Obese pregnant women often give birth the babies at risk of the disease.
As obesity rates for pregnant women continue to climb, scientists at the University of Colorado Anschutz Medical Campus have discovered that increasing a specific hormone during pregnancy can reduce or eliminate the chances that the baby will become obese as well.
“In the U.S., nearly two-thirds of women enter pregnancy either overweight or obese,” said the study’s senior author Professor Thomas Jansson, MD, PhD at the CU School of Medicine. “That makes them susceptible to gestational diabetes, preterm labor and preeclampsia. At the same time, the baby is often born larger with more fat than normal.”
The infants often go on to become obese as well, setting up a vicious cycle that drives the epidemic, Jansson said.
So he and his research team set out to find interventions that might stop that cycle, focusing on the hormone Adiponectin which makes people sensitive to insulin. High levels of the hormone guard against obesity and diabetes, while low levels put people at risk for the diseases.
Adiponectin acts as a brake on the amount of nutrients passed between a pregnant woman and her fetus through the placenta. Low levels of the hormone release the brake resulting in a larger than normal baby with more body fat.
The researchers infused obese, pregnant mice with Adiponectin during the last four days of their 20-day gestational periods, effectively normalizing the levels of the hormone in their bodies.
“It completely reversed all the negative effects on the placenta,” Jansson said. “The pups of the obese mice had completely normal weights. Their glucose levels were also normal. We were able to preempt all the usual negative consequences of these kinds of pregnancies.”
This is the first time, he said, that such an experiment has been done.
“This hormone or a similar agent could feasibly do the same thing for humans that it did for mice,” Jansson said. Another group of researchers has developed a compound similar to Adiponectin that can be taken orally and is now in clinical trials.
Jansson said more work needs to be done to track the long-term effects of the hormone treatment on the mice.
“But we have laid the foundation for what we believe might ultimately help break the cycle of obesity that has approached epidemic proportions in our society,” Jansson said.
About this neuroscience research
The study was published Monday in the Proceedings of the National Academy of Sciences. The co-authors include, Fredrick J. Rosario, PhD, instructor at CU Anschutz, Professor Theresa Powell, PhD, of CU Anschutz and Irving L. M. Aye of Cambridge University in England.
Source: David Kelly – UC Anschutz Image Source: The image is in the public domain Original Research: Full open access research for “Adiponectin supplementation in pregnant mice prevents the adverse effects of maternal obesity on placental function and fetal growth” by Irving L. M. H. Aye, Fredrick J. Rosario, Theresa L. Powell, and Thomas Jansson in PNAS. Published online September 28 2015 doi:10.1073/pnas.1515484112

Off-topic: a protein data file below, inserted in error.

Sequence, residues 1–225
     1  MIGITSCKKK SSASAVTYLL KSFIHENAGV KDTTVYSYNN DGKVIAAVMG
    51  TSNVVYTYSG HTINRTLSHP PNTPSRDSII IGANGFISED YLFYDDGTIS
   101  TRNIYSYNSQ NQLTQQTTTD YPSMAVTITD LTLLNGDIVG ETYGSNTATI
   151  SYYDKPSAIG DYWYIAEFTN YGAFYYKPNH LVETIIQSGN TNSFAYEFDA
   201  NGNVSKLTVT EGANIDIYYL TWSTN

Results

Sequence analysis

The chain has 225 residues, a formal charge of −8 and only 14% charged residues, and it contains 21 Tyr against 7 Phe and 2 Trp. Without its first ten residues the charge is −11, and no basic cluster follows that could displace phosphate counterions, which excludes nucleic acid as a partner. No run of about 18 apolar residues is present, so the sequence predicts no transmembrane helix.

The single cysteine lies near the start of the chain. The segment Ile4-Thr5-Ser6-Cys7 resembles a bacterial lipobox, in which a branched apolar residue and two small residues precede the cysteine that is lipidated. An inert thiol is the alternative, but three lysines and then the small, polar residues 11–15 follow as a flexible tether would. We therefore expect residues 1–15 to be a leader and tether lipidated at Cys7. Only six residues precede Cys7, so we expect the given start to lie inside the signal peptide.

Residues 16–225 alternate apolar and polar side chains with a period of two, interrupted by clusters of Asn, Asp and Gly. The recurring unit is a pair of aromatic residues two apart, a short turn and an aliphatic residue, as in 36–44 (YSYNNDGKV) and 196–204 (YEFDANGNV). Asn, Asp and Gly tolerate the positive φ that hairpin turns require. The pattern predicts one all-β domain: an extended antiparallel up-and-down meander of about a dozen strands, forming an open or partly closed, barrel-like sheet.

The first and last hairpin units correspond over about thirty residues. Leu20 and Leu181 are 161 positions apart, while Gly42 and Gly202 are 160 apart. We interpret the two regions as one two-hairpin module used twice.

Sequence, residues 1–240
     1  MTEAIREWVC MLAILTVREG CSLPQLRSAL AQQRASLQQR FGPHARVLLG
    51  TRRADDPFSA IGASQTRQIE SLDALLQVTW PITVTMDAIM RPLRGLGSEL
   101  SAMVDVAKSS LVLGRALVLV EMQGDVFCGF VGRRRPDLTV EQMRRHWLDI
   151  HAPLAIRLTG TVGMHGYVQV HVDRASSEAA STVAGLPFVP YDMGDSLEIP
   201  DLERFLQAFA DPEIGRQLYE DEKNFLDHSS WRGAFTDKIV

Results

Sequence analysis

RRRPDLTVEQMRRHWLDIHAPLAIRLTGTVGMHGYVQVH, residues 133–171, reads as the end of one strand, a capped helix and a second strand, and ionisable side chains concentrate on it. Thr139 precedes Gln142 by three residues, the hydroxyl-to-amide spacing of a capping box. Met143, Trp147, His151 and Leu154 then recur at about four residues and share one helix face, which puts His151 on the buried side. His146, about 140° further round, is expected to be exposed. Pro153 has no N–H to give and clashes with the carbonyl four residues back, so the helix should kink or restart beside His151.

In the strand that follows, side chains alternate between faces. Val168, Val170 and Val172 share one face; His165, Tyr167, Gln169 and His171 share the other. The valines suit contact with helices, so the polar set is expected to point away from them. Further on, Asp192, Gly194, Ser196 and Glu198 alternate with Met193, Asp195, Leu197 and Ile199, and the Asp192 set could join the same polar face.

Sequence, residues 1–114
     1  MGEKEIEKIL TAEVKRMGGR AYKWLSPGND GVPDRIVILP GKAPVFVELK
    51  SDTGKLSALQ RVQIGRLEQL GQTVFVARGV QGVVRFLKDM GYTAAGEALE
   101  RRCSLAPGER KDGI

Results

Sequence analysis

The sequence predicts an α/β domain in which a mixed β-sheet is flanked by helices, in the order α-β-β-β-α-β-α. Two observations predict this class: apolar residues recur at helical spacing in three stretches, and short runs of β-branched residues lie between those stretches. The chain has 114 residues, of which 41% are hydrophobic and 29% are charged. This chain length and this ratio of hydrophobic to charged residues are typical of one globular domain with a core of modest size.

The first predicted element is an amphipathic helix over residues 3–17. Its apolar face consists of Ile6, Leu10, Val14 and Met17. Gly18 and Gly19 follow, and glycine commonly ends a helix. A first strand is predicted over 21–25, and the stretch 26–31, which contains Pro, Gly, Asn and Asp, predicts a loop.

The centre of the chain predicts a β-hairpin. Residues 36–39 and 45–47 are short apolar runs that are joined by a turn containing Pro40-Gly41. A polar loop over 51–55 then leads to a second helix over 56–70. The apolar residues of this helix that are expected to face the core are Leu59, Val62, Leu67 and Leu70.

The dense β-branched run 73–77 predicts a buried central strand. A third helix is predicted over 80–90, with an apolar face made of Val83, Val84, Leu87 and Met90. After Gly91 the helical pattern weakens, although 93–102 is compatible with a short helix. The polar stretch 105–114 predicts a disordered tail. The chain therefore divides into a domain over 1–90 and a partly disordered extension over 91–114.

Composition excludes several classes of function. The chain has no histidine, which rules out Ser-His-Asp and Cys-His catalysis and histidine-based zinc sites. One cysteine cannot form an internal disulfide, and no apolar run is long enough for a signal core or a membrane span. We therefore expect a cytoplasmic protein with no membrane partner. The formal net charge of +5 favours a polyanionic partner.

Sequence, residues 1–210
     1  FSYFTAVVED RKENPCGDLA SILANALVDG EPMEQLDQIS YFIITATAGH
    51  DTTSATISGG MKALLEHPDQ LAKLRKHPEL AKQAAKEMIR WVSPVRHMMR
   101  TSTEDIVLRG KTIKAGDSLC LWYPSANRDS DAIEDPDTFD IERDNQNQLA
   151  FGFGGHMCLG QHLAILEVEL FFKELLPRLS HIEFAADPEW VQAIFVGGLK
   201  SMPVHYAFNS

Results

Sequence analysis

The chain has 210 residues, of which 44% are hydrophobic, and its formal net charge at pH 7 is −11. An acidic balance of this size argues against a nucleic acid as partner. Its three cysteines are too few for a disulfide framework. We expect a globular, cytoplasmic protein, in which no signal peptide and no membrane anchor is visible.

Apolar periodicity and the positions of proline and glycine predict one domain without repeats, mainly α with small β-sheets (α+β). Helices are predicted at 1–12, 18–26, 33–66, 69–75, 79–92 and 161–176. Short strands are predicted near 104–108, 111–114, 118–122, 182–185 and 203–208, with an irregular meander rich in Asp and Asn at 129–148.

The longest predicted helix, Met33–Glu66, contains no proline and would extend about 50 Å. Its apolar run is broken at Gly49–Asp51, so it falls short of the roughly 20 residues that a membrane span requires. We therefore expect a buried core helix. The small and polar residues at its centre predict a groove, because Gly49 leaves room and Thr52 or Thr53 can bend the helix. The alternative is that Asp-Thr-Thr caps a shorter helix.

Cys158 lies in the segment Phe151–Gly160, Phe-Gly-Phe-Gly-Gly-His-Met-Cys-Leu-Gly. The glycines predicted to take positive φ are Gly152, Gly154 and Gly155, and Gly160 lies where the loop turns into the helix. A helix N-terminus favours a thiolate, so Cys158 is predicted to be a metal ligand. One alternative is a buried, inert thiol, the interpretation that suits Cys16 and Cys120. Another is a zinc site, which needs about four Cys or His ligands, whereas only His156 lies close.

Adiponectin supplementation in pregnant mice prevents the adverse effects of maternal obesity on placental function and fetal growth
Mothers with obesity or gestational diabetes mellitus have low circulating levels of adiponectin (ADN) and frequently deliver large babies with increased fat mass, who are susceptible to perinatal complications and to development of metabolic syndrome later in life. It is currently unknown if the inverse correlation between maternal ADN and fetal growth reflects a cause-and-effect relationship. We tested the hypothesis that ADN supplementation in obese pregnant dams improves maternal insulin sensitivity, restores normal placental insulin/mechanistic target of rapamycin complex 1 (mTORC1) signaling and nutrient transport, and prevents fetal overgrowth. Compared with dams on a control diet, female C57BL/6J mice fed an obesogenic diet before mating and throughout gestation had increased fasting serum leptin, insulin, and C-peptide, and reduced high-molecular-weight ADN at embryonic day (E) 18.5. Placental insulin and mTORC1 signaling was activated, peroxisome proliferator-activated receptor-α (PPARα) phosphorylation was reduced, placental transport of glucose and amino acids in vivo was increased, and fetal weights were 29% higher in obese dams. Maternal ADN infusion in obese dams from E14.5 to E18.5 normalized maternal insulin sensitivity, placental insulin/mTORC1 and PPARα signaling, nutrient transport, and fetal growth without affecting maternal fat mass. Using a mouse model with striking similarities to obese pregnant women, we demonstrate that ADN functions as an endocrine link between maternal adipose tissue and fetal growth by regulating placental function. Importantly, maternal ADN supplementation reversed the adverse effects of maternal obesity on placental function and fetal growth. Improving maternal ADN levels may serve as an effective intervention strategy to prevent fetal overgrowth caused by maternal obesity.
“Adiponectin supplementation in pregnant mice prevents the adverse effects of maternal obesity on placental function and fetal growth” by Irving L. M. H. Aye, Fredrick J. Rosario, Theresa L. Powell, and Thomas Jansson in PNAS. Published online September 28 2015 doi:10.1073/pnas.1515484112